Skip to content

Container permissions

First of all, you will need to familiarise yourself with our "container" based authorisation system. All objects like users, hosts, contacts, templates etc. are bound to containers.


Permissions can become a very complex topic! - We strongly advise you not to skip this section!

/root Container

The "/root" container is a rather special entity. All objects assigned to this container are globally visible to all users! This means this container is intended for global, frequently used objects such as the "ping" service template or the "24x7" timeperiod.

If you assign a host to the "/root" container, it is not possible to change the container assignment later!

Users assigned to the "/root" container automatically become global administrators with full privileges to all objects.

Global admins are marked by a crown above their username:

global admin crown

Container tree

Containers are laid out in a tree-like structure. The "/root" container is always the "root" of all subsequent containers. The next level in the tree could be a "tenant". Tenants can be departments in your company or even completely different companies altogether. Within a tenant you can create "nodes". This can be helpful when you need to map out entire company structures in your monitoring system.

Following this example, a container tree structure would look like this: /root/client/node/.

To illustrate this, let's create a tenant called "Demo Tenant" under Administration -> Container Management -> Tenants

tenant container add

The container tree now looks like this: /root/Demo Tenant/.

In the next step we create nodes within the "Demo Tenant" by going to Management -> Container Management -> Container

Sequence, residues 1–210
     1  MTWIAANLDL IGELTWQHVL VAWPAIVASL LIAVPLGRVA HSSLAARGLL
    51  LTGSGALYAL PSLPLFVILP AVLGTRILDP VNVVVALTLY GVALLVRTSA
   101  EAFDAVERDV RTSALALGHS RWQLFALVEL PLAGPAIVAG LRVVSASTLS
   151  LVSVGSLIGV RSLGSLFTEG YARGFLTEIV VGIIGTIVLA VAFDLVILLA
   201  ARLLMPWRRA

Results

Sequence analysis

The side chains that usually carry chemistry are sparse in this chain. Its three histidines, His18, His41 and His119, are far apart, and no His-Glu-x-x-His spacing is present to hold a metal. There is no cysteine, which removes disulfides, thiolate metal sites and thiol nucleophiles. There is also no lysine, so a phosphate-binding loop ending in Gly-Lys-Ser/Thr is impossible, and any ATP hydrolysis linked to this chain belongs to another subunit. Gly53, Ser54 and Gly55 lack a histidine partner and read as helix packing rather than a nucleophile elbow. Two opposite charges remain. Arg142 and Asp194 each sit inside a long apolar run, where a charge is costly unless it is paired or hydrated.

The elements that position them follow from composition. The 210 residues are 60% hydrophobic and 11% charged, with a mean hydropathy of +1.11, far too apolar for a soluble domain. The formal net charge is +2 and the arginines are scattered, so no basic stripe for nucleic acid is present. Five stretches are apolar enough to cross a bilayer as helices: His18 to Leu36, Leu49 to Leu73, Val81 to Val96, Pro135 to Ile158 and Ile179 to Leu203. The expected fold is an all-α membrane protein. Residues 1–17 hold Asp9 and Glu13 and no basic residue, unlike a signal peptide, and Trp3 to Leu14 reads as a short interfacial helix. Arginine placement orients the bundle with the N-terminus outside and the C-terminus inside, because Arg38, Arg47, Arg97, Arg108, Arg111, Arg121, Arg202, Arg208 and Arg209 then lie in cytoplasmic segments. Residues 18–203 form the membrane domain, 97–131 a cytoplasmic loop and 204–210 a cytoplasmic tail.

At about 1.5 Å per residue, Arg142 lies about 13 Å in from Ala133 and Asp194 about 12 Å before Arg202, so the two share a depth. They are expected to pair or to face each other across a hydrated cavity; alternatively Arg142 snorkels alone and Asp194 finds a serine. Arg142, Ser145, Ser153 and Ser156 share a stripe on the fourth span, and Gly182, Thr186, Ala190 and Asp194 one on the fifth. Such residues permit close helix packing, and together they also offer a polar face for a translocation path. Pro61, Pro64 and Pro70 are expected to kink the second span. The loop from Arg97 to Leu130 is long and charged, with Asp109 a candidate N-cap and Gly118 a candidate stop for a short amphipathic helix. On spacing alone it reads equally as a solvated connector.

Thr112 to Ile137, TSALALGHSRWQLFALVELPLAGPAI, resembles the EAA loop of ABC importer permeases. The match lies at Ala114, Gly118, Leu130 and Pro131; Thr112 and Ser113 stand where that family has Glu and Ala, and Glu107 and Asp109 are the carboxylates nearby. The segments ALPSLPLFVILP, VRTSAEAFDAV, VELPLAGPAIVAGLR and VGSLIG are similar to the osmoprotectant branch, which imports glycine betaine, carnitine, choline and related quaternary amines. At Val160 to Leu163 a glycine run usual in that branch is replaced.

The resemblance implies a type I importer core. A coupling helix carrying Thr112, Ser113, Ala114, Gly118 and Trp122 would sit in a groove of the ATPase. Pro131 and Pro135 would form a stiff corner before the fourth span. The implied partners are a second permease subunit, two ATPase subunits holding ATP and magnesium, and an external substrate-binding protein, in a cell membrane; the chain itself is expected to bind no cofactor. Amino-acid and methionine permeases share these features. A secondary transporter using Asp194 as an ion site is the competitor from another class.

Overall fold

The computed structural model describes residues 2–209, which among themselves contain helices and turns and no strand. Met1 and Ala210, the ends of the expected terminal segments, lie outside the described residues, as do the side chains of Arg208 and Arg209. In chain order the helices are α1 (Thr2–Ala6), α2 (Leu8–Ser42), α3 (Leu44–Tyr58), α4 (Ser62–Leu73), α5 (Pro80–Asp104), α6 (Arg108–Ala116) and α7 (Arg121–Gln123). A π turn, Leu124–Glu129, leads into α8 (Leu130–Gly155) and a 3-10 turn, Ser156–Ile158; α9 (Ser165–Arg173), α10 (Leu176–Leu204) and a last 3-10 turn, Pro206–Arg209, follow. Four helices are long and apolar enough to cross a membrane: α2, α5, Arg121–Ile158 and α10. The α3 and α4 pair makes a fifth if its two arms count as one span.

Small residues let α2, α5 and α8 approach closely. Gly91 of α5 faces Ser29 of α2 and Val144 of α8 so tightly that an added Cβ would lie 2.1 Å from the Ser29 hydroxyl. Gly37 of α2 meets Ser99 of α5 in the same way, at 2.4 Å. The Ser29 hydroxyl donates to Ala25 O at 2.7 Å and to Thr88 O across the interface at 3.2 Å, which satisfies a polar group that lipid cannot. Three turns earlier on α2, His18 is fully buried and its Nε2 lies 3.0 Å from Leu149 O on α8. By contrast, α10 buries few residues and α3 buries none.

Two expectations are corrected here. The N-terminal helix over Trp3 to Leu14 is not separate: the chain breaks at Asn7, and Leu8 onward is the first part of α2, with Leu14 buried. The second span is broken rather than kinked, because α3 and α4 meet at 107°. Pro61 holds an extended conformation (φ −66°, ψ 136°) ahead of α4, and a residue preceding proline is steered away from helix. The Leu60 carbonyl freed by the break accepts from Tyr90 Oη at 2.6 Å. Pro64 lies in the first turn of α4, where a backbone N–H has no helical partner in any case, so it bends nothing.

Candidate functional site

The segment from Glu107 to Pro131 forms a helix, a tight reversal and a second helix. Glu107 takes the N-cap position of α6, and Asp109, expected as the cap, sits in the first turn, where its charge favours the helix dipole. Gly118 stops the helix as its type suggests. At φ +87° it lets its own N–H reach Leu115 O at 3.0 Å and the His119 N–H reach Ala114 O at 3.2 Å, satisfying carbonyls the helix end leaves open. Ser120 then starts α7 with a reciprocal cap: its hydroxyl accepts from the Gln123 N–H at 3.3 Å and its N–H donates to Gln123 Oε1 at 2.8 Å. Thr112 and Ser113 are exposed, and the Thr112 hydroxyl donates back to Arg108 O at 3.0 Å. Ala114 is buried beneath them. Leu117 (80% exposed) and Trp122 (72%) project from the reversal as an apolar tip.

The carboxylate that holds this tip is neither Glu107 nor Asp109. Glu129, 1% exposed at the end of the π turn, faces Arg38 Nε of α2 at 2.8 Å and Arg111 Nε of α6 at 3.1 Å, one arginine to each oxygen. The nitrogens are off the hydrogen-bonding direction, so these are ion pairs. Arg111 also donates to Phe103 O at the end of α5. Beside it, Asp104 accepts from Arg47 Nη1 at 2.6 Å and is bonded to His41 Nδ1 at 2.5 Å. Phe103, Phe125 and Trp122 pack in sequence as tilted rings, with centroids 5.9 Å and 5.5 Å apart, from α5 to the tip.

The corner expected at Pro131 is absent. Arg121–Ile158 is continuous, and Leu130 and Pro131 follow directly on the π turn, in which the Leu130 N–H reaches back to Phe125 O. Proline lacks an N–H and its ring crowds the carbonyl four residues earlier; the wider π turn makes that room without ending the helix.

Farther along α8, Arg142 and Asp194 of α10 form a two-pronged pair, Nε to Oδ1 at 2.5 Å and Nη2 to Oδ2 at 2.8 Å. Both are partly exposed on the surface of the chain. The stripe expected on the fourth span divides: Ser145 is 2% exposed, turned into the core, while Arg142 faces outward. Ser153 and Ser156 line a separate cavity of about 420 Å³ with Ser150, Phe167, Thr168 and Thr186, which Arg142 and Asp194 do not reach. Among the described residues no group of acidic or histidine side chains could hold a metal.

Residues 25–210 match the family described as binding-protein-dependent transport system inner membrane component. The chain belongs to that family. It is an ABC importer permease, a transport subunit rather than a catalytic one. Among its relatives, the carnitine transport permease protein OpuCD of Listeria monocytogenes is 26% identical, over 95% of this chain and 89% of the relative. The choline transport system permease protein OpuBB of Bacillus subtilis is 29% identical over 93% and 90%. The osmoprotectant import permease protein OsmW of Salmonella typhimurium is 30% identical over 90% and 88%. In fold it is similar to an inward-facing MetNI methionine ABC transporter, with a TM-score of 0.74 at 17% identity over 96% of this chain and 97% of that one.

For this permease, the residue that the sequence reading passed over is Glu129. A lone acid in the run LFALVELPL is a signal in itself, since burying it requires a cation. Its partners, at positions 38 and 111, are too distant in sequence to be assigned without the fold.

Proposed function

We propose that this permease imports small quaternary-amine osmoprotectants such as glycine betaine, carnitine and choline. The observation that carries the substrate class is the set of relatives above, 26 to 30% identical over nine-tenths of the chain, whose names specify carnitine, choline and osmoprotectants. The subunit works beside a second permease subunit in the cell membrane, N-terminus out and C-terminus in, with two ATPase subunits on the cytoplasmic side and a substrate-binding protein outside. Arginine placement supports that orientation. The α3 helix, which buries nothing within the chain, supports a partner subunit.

In this example we create a separate node for the "Data Centre Team" and the "Developers". This allows each team to create their own hosts within their own containers.

Our container tree now looks like this:

/root/Demo Tenant/Team Data Center
/root/Demo Tenant/Team Developers

You can also assign users to different levels in the container tree.

  • If you assign a user to the /root/ container, that user becomes a global administrator and has access to all objects in all tenants
  • If you assign a user to the container /root/Demo Tenant Tenant, the user will have access to all objects within the tenant as well as all sub-containers
  • • If you assign a user to the /root/Demo Tenant/Team Developers container, the user will have access to all objects inside the "Team Developers" container as well as all of its sub-containers

It is also possible to give all users read and write permissions to each container. To do this, navigate to Management -> User Management -> Manage Users and create a new user. You can now select all the containers that the user should have access to and assign read and write permissions for each individual container.

User container permissions

Although the container-based authorisation model can become very complex, it offers the greatest possible flexibility and enables the granular management of authorisation options.


Since openITCOCKPIT 4, container permissions can also be mapped in "user container roles".